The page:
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Book released on defence of Vietnamese islands against Chinese invaders

Researcher Vo Ha has released the book Trường Sa 1988 – Hồ Sơ Một Sự Kiện Lịch Sử  (Trường Sa 1988 – A Dossier on a Historical Incident) on the protection and development of Truong Sa (Spratly) Archipelago of Vietnam,

 focusing on the protection of Gac Ma (Johnson), Colin and Len Dao reefs in Vietnam’s Truong Sa Islands against Chinese invasion 33 years ago.

Historical researcher Vo Ha poses with his book 'Trường Sa 1988 – A Dossier on a Historical Incident' in Da Nang. His book collects 159 articles on the fight of Vietnam navy soldiers in the protection of the Truong Sa (Spratly) Islands, Vietnam, in 1988. Photo courtesy of Vo Ha 

The 300-page book, which was printed and published by the Da Nang Publishing House and Phanbook in 2021, is one of the most fully documented collection of documents, stories, reports and articles on the protection of the Spratlys, particularly the brave fight of Vietnamese naval soldiers against Chinese invaders on Gac Ma (Johnson) reef on March 14, 1988.

It’s a collection of 159 articles published in two newspapers – Nhân Dân (the People) and Quân Đội Nhân Dân (the People’s Army) – written by 39 reporters from February to June of 1988, before and after the incident, featuring the tense situation in the waters off Truong Sa Islands of Vietnam.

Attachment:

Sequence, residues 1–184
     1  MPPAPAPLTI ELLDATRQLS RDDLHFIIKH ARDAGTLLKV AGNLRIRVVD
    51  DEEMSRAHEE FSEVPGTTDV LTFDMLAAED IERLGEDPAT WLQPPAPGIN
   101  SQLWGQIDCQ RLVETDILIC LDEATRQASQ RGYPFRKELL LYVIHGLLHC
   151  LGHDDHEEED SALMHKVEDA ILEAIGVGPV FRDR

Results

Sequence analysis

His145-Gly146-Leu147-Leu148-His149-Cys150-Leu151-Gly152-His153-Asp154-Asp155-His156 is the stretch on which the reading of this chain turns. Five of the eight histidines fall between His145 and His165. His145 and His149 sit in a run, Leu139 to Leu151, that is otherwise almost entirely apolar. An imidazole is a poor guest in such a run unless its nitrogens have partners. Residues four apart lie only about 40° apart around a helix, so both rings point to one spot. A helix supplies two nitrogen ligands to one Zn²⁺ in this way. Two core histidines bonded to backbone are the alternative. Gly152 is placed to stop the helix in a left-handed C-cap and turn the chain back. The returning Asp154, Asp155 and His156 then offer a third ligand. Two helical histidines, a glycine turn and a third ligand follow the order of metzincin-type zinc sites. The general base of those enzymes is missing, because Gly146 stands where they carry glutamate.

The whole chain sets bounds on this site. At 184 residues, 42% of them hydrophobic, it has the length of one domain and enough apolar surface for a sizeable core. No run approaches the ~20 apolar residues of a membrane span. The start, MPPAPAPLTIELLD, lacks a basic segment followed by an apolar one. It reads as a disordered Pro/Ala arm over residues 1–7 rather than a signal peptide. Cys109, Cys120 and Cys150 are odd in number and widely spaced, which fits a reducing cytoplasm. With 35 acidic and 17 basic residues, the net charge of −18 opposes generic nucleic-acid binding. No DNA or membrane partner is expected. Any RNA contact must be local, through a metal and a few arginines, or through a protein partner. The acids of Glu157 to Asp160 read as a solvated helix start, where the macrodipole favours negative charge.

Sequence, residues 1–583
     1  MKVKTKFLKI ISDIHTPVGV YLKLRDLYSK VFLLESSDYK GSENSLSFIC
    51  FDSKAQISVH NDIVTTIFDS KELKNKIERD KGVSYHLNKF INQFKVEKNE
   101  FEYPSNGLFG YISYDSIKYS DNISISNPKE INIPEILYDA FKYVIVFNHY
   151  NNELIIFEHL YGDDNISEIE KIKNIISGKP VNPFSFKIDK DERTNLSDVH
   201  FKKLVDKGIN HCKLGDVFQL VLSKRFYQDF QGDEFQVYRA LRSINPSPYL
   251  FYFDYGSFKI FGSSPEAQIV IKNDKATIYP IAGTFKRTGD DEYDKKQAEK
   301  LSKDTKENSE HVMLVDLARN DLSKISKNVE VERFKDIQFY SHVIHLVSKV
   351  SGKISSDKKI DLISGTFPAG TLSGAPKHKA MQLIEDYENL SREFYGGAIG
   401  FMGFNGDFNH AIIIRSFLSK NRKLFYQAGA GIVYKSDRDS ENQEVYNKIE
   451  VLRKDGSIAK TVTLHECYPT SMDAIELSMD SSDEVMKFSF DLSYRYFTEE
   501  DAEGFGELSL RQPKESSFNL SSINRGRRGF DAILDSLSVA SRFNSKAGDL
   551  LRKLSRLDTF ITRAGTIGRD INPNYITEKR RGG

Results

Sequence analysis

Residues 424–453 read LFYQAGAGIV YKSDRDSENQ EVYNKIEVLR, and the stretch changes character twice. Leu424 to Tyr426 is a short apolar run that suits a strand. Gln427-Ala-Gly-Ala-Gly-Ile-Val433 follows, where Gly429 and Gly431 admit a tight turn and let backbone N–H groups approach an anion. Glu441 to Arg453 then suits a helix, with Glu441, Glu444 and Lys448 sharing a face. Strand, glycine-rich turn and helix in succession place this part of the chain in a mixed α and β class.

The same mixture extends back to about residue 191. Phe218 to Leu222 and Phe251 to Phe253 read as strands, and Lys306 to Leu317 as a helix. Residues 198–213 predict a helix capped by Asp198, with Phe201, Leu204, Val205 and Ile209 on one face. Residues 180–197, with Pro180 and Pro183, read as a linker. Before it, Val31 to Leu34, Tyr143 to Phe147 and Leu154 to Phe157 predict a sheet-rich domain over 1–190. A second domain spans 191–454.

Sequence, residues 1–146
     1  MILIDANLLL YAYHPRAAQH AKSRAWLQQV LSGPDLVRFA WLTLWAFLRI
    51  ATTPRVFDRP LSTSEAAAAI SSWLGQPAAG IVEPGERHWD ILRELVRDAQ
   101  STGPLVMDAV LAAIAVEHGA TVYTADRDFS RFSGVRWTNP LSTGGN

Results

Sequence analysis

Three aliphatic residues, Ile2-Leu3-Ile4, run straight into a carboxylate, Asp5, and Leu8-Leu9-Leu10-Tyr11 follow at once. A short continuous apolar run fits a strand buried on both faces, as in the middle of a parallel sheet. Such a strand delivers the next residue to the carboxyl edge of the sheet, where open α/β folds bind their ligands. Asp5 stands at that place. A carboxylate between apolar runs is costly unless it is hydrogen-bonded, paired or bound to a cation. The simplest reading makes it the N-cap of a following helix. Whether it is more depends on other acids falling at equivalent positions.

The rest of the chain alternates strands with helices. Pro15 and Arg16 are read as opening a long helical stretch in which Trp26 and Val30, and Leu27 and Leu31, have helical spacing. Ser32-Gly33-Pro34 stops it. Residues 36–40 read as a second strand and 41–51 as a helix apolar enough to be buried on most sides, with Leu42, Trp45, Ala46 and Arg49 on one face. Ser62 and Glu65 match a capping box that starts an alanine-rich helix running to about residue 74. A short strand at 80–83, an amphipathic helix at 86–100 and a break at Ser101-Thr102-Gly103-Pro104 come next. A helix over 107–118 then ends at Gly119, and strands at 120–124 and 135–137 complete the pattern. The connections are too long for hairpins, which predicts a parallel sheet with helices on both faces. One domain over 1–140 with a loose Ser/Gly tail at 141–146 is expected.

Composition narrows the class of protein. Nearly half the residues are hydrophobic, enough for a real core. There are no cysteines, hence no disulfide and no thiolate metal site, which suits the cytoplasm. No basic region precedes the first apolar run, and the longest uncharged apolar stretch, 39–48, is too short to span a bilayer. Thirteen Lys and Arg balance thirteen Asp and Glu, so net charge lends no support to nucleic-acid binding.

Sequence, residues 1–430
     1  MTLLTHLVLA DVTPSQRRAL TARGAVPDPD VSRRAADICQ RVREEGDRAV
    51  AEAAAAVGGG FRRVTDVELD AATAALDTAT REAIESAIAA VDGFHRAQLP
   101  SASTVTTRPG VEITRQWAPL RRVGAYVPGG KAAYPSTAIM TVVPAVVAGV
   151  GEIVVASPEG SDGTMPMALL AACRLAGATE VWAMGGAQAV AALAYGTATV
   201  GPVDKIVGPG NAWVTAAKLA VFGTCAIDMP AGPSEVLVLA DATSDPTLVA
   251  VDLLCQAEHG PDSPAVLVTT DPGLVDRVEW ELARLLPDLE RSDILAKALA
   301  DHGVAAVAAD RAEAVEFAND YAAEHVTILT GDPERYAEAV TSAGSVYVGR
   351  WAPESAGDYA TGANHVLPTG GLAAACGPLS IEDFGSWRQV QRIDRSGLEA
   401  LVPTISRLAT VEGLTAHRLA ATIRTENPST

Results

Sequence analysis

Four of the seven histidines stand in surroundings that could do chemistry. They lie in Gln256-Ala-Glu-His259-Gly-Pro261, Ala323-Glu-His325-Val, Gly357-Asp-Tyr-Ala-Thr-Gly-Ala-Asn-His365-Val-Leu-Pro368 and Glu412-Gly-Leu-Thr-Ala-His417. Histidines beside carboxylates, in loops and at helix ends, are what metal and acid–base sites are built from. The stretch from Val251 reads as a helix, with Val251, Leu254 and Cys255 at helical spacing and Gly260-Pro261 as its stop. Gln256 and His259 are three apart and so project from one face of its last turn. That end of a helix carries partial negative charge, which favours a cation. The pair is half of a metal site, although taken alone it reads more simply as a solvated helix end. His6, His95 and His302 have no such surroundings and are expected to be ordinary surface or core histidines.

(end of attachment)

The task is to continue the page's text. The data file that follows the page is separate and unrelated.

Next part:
'Trường Sa 1988 – ' A Dossier on a Historical Incident' is available at book stores in Vietnam. The 300-page book is sold at VND315,000. Photo courtesy of Vo Ha 

Ha, 37, who is works at the Da Nang’s party committee’s Publicity and Education Commission, said he began working with a data store on the country’s sovereignty on seas and islands in 2011, which he was initially unfamiliar with, during his study at Da Nang University’s history teacher's training faculty.

“Many documents and articles in the data store were collected and complied following incidents that occurred on Truong Sa 33 years ago. A series of leading articles, diplomatic notes, and reports from the two newspaper report truly what happened on the islands,” Ha said.

Tran Van Lanh, a naval soldier, who was wounded in the defensive fight at Gac Ma (Johnson) Reef in 1988, joins a memorial service in honour of navy martyrs during the fight. VNS Photo Cong Thanh 

“I recognise there is a blanket in history documenting Truong Sa (Spratly) and Hoang Sa (Paracel), which was inadequately included in the school curriculum, especially beyond the normalisation of Vietnam-China ties in 1990,” he said.

Ha said young generations of Vietnamese should know deeply of the historical records and documents on the fight and protection of seas and islands by previous generations.

In his foreword to the book, Ha wrote: “China illegally occupied some parts of Truong Sa Islands between 1976-1988, and the fight of the Gac Ma (Johnson) reef was an outbreak of the 22-year-invasion by China of Vietnam’s islands and seas.”

”In 1974, China invaded west of the Paracels and illegally occupied the entire Hoang Sa Island under management of the Republic of Vietnam, or the Sai Gon administration.”